alt1. What pushes you to write?

I write for change. I stay awake late at night to write the stories that could bring about change in Nigeria and by extension the rest of Africa. Writing is the last hold for those of us who would like to see a different Nigeria without going through a bloody war. I consider myself a writer for the revolution as opposed to being “a revolutionary writer."

 

2. What has been your best news scoop? How do you get your news scoops?

Every story and news report we’ve done is a good scoop; it is difficult to evaluate any of the newsreports we broke as the best scoop. For me, it always gets better; I believe the best is yet to come.

3. Who is your hero? What kind of books do you read?

I have spent little time anointing heroes. I have also changed careers too many times already to have accumulated heroes. Everyone or being who resists oppression is my hero – be the person in Palestine or South Africa. As for books, I read a variety of them -fiction, biography, history.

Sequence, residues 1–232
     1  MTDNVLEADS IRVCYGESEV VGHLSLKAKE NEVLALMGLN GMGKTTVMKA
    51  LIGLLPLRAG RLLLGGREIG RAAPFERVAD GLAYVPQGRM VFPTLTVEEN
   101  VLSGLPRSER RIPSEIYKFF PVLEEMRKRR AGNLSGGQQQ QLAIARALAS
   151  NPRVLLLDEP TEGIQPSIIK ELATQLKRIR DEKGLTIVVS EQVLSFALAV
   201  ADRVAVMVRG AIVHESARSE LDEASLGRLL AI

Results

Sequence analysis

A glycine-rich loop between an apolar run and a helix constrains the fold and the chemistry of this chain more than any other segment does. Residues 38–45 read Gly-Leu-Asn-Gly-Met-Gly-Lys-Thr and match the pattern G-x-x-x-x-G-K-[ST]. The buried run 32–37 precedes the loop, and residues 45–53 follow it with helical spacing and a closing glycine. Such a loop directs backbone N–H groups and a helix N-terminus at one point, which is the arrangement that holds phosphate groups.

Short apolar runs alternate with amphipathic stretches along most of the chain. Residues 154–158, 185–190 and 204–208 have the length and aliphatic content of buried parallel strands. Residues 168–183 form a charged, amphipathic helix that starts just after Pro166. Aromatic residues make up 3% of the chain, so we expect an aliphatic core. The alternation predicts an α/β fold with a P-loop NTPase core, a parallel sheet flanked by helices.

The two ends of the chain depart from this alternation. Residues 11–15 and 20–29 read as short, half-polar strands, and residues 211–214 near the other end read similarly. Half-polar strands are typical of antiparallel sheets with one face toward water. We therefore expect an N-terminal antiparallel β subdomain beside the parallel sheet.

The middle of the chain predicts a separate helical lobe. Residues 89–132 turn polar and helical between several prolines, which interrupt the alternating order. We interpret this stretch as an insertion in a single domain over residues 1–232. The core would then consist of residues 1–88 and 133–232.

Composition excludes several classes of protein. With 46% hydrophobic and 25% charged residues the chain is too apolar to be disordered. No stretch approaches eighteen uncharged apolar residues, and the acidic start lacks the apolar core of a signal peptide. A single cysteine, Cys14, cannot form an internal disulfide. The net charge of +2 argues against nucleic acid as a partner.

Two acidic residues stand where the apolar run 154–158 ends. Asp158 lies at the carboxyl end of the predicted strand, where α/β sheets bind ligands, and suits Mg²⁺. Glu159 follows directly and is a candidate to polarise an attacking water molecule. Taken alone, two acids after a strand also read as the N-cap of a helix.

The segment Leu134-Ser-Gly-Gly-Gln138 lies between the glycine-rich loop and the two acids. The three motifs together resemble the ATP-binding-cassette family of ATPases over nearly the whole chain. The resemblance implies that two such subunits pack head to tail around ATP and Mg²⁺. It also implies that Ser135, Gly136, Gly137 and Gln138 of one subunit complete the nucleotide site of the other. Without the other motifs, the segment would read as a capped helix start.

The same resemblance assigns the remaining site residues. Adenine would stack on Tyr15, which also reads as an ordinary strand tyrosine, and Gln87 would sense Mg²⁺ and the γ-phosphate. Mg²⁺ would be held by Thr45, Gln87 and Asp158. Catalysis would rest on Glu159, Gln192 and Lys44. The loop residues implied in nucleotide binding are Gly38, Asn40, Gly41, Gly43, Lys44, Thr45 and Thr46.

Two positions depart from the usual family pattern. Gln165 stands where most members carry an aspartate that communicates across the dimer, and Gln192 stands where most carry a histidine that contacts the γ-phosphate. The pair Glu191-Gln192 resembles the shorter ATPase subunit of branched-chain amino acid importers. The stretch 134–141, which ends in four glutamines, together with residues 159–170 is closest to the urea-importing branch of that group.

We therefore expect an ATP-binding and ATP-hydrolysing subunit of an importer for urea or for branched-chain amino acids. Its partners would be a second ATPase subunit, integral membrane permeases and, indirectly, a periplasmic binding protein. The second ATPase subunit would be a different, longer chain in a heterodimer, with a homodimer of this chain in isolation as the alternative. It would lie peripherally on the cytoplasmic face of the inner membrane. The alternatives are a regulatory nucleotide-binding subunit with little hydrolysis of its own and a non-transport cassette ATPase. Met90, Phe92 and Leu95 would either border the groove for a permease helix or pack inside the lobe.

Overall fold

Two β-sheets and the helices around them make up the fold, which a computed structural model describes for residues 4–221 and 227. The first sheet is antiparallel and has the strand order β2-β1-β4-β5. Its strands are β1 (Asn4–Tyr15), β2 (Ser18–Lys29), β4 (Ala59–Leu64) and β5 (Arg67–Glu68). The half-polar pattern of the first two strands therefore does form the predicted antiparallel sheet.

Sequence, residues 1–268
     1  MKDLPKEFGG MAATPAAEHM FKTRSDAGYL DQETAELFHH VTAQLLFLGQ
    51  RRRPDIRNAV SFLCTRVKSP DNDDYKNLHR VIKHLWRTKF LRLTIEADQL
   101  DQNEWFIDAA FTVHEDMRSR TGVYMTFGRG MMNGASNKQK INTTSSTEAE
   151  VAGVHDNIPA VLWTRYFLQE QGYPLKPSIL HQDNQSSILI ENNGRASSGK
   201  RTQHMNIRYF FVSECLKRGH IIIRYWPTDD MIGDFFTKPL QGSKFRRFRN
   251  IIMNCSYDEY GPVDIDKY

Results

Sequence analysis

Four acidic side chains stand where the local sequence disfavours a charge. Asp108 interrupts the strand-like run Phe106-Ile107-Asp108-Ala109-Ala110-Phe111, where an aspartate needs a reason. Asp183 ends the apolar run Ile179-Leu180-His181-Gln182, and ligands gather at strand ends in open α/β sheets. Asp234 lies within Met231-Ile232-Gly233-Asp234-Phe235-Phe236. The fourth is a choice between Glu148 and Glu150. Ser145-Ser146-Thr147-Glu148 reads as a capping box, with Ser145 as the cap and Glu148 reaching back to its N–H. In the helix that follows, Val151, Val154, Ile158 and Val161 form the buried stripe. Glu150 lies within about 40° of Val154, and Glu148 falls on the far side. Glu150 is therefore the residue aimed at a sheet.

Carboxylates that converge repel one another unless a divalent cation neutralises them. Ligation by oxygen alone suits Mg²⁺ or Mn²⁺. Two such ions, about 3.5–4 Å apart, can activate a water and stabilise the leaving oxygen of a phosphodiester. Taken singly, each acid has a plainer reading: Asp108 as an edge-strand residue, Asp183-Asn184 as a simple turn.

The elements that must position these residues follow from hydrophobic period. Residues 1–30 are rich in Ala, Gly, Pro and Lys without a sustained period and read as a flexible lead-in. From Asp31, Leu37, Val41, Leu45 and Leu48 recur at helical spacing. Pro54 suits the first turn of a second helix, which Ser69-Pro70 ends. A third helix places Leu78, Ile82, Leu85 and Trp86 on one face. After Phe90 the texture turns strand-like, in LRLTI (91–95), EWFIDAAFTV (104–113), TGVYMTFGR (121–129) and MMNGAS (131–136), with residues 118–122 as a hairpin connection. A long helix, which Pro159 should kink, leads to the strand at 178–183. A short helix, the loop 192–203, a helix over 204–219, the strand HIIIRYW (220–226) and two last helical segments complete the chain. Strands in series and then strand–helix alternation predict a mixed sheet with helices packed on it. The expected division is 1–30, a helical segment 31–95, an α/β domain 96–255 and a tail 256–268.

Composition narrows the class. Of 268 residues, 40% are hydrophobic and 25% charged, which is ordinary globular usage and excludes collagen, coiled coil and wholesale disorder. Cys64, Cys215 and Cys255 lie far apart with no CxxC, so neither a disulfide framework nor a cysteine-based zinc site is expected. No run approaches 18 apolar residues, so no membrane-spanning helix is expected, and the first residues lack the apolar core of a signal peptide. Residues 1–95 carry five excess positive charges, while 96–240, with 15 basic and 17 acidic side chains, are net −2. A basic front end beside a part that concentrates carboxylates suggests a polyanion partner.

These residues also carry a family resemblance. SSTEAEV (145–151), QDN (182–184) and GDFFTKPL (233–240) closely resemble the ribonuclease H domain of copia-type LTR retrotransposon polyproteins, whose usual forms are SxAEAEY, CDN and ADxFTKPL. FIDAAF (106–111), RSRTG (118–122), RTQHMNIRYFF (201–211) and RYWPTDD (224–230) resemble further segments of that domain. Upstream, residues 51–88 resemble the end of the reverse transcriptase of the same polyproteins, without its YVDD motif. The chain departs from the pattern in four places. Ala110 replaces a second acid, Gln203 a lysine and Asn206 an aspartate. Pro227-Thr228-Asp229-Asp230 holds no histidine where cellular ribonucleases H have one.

4. Do you have a favorite quotation?

Yes, a statement credited to Arthur Schopenhauer, a German philosopher who lived between 1788-1860: “Every truth passes through three stages before it is recognized. In the first it is ridiculed, in the second it is opposed, in the third it is regarded as self-evident.”

5. What do you have against the Nigerian government?

My main pre-occupation is to help achieve a real government Nigeria – properly, credibly elected, not imposed by a cabal whose mission is to thwart the nation’s best aspirations.